• Canada: 67% of those surveyed faced a tech scam and out of that 3% lost money, while 33% avoided the scam completely. In Canada, the most common way people were scammed were through a pop-up ad or window, followed by redirect to a website and unsolicited emails. There was a decrease in the number of people scammed, fewer people lost money and more avoided the scam completely.
  • Denmark: 68% of those surveyed faced a tech scam and out of that 7% lost money, while 32% avoided the scam completely. In Denmark, the most common way people were scammed were through a pop-up ad or window, followed by unsolicited emails and calls. There was an increase in the number of people scammed, more people lost money and fewer avoided the scam completely.
  • France: 59% of those surveyed faced a tech scam and out of that 4% lost money, while 41% avoided the scam completely. In France, the most common way people were scammed were through a pop-up ad or window, followed by redirect to a website and unsolicited emails. There was an increase in the number of people scammed, more people lost money and fewer avoided the scam completely.
  • Germany: 52% of those surveyed faced a tech scam and out of that 4% lost money, while 48% avoided the scam completely. In Germany, the most common way people were scammed were through a pop-up ad or window, followed by unsolicited emails and redirect to a website. There was an increase in the number of people scammed, more people lost money and fewer avoided the scam completely.
  • Japan: 63% of those surveyed faced a tech scam and out of that 2% lost money, while 65% avoided the scam completely. In Japan, the most common way people were scammed were through a pop-up ad or window, followed by redirect to a website and unsolicited emails. There was a decrease in the number of people scammed, fewer people lost money and more avoided the scam completely.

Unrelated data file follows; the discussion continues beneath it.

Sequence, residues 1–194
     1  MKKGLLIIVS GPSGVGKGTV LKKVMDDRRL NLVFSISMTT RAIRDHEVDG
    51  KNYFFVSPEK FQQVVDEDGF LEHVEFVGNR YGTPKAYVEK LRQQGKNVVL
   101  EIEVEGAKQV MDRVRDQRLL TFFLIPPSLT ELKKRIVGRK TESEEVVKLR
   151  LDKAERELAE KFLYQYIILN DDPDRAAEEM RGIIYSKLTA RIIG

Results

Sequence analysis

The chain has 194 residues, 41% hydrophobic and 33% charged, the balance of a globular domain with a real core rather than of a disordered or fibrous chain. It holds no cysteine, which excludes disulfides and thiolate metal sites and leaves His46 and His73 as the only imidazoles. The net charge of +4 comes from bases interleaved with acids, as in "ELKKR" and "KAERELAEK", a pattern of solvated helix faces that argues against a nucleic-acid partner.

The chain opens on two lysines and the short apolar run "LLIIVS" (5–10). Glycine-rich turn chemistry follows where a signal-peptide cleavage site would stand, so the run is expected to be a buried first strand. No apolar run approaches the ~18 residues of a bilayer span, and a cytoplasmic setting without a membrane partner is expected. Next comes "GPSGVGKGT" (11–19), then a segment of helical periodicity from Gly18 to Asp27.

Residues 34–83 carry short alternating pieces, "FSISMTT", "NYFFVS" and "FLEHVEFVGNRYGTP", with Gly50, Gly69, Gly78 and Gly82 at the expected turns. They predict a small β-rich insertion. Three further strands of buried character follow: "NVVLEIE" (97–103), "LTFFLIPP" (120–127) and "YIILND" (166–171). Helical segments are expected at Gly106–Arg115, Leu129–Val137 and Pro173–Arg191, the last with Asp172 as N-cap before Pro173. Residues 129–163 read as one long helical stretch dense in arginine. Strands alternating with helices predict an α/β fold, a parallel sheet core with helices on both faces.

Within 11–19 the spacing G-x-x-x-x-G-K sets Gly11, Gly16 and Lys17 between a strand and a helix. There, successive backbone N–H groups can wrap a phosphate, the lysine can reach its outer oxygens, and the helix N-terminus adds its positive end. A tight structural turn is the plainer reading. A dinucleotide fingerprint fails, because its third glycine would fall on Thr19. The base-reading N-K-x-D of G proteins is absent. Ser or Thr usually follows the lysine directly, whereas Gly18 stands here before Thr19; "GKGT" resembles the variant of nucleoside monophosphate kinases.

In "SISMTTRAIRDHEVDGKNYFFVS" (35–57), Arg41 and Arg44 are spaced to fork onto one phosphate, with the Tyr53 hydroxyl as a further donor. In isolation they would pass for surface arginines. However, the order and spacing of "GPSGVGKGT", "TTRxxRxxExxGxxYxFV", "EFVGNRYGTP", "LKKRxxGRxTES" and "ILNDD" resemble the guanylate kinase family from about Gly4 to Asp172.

• Mexico: 73% of those surveyed faced a tech scam and out of that 8% lost money, while 27% avoided the scam completely. In Mexico, the most common way people were scammed were through a pop-up ad or window, followed by unsolicited emails and redirect to a website. There was an increase in the number of people scammed, more people lost money and fewer avoided the scam completely.
  • New Zealand: 78% of those surveyed faced a tech scam and out of that 6% lost money, while 22% avoided the scam completely. In New Zealand, the most common way people were scammed were through unsolicited calls followe by pop-up ad or window and unsolicited emails. There was an increase in the number of people scammed, more people lost money and fewer avoided the scam completely — accounting for the least number of people avoiding a scam worldwide.
  • Singapore: 57% of those surveyed faced a tech scam and out of that 4% lost money, while 43% avoided the scam completely. In Singapore, the most common way people were scammed were through a pop-up ad or window, followed by redirect to a website and unsolicited emails. There was a decrease in the number of people scammed, fewer people lost money and more avoided the scam completely.
  • South Africa: 70% of those surveyed faced a tech scam and out of that 4% lost money, while 29% avoided the scam completely. In South Africa, the most common way people were scammed were through a pop-up ad or window, followed by redirect to a website and unsolicited emails. There was a decrease in the number of people scammed, fewer people lost money and more avoided the scam completely.
  • Switzerland: 59% of those surveyed faced a tech scam and out of that 9% lost money, while 41% avoided the scam completely. In Switzerland, the most common way people were scammed were through a pop-up ad or window, followed by unsolicited emails and redirect to a website. There was a decrease in the number of people scammed, but more people lost money and more also avoided the scam completely.
  • United Kingdom: 62% of those surveyed faced a tech scam and out of that 6% lost money, while 38% avoided the scam completely. In United Kingdom, the most common way people were scammed were through a pop-up ad or window, followed by unsolicited emails and redirect to a website. There was a decrease in the number of people scammed, but more people lost money and more also avoided the scam completely.
  • United States: 67% of those surveyed faced a tech scam and out of that 6% lost money, while 33% avoided the scam completely. In United States, the most common way people were scammed were through a pop-up ad or window, followed by redirect to a website and unsolicited emails. There was a decrease in the number of people scammed, fewer people lost money and more avoided the scam completely.

You can read the entire 2018 Global Tech Support Scam Research by Microsoft here.

Also read: 3 ways to protect your password from hackers

Millennials, Gen Z most likely to lose money to tech support scams: Survey
2018 Global Tech Support Scam Research report